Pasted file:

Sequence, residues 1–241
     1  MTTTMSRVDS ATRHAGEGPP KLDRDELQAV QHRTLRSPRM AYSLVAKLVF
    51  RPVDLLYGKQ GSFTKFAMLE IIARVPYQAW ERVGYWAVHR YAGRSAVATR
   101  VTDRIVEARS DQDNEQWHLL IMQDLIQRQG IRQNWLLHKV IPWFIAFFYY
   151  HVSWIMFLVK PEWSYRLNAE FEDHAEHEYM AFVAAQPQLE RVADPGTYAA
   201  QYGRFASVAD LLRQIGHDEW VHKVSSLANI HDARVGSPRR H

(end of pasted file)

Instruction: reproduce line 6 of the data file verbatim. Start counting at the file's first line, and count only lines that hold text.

   201  QYGRFASVAD LLRQIGHDEW VHKVSSLANI HDARVGSPRR H